Medications that kill head lice are called pediculicides. All pediculicides except malathion are applied to the scalp and hair and left on for 10 minutes, then rinsed off. Pediculicides kill nymphs and adult lice, but do not destroy nits. For this reason, they may need to be reapplied 7-10 days after the first application to kill newly emerged nymphs. Because some pediculicides have significant toxicities, it is important to follow application directions carefully.
Permethrin is the preferred first-line treatment for head lice. Permethrin 1% (Nix) is available over the counter, and permethrin 5% (Elimite) is available by prescription. Permethrin is a cream rinse that is designed to leave a residue after rinsing that kills emerging nymphs, so reapplication is usually not needed.
Pyrethrins Plus Piperonyl Butoxide (Rid)
Rid is a shampoo that can cause an allergic reaction in people who have plant allergies, especially allergies to chrysthanthemums. Twenty to thirty percent of the eggs remain viable after treatment, so a second treatment is recommended in 7-10 days.
Lindane is available only by prescription. It should only be used cautiously if a first-line treatment has failed because several cases of seizures in children have been reported.
Malathion is a prescription lotion that is applied to the hair, left to air dry, then washed off after 8-12 hours. Because it has a high alcohol content, it is highly flammable and can cause difficulty breathing if it is ingested. For these reasons, it should only be used for resistant cases of head lice.
Trimethoprim-sulfamethoxazole (Septra, Bactrim) is an oral antibiotic, given as a 10-day course, which has been shown to be effective at treating resistant infestations of head lice. Ivermectin (Stromectol) is an antiparasitic drug given as a single dose that has also been shown to effectively treat resistant head lice infestations. However, neither of these drugs is FDA approved for use as a pediculicide.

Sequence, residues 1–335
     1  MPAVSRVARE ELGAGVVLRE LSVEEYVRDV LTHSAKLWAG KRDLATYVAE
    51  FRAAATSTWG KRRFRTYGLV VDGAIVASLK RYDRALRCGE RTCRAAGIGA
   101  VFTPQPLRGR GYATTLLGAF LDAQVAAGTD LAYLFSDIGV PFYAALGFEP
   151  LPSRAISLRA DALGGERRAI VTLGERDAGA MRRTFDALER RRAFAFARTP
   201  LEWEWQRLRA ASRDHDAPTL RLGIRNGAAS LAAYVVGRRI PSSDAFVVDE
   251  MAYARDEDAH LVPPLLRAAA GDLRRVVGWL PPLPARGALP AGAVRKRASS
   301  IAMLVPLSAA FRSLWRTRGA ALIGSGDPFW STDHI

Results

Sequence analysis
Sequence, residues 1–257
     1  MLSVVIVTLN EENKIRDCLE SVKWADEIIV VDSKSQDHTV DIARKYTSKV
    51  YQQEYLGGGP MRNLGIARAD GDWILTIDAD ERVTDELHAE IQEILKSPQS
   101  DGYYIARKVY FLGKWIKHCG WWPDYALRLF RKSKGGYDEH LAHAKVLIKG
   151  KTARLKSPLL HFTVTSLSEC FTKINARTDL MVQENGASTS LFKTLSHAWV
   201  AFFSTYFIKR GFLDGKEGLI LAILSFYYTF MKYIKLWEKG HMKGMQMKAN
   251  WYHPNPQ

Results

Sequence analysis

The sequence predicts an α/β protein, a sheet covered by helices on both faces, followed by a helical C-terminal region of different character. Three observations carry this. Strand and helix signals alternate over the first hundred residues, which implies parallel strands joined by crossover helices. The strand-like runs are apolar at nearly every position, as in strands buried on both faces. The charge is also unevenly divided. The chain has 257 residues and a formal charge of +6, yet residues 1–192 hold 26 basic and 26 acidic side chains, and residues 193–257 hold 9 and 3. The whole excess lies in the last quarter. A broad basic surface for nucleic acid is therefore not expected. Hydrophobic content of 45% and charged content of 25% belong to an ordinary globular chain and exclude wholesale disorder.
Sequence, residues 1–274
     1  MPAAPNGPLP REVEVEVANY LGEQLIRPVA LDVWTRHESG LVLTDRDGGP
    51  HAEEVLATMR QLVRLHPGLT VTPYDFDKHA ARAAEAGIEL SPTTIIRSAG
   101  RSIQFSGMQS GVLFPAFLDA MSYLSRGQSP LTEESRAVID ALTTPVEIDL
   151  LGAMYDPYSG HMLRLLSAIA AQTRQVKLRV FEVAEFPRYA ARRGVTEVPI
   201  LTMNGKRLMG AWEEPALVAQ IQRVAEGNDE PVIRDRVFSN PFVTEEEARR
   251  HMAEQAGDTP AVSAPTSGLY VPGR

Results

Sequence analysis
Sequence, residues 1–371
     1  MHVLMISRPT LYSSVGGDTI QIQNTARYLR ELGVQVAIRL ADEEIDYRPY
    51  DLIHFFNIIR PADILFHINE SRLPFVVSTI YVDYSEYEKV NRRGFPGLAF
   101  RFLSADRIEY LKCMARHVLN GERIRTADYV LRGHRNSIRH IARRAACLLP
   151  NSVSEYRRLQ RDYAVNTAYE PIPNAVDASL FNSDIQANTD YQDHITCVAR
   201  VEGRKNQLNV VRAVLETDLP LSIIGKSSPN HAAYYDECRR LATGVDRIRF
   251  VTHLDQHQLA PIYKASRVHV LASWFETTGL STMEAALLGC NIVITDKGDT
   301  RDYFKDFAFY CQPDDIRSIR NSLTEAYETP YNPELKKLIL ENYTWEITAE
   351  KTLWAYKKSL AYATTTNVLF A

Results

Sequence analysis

Treatment with a pediculicide kills adult lice and nymphs preventing the spread of head lice infestation to other people. Removal of nits is recommended to reduce confusion about the effectiveness of treatment. Nits within 1 cm of the scalp should be physically removed by a fine toothed comb. A variety of agents are available to break down the cement holding the nit to the hair shaft including distilled white vinegar, formic acid preparations, and enzymatic nit removal systems. Using one of these agents prior to nit combing makes it easier to remove nits. Nits that are present on the hair shaft greater than 1 cm from the scalp are not considered to be viable and do not have to be removed.
Treatment of Head Lice Contacts
According to the American Academy of Pediatrics, if a case of head lice is identified, all household members should be checked for head lice. Only those with live lice or eggs within 1 cm of the scalp should be treated. It is also recommended that all hair care items and bedding belonging to the infested person be cleaned.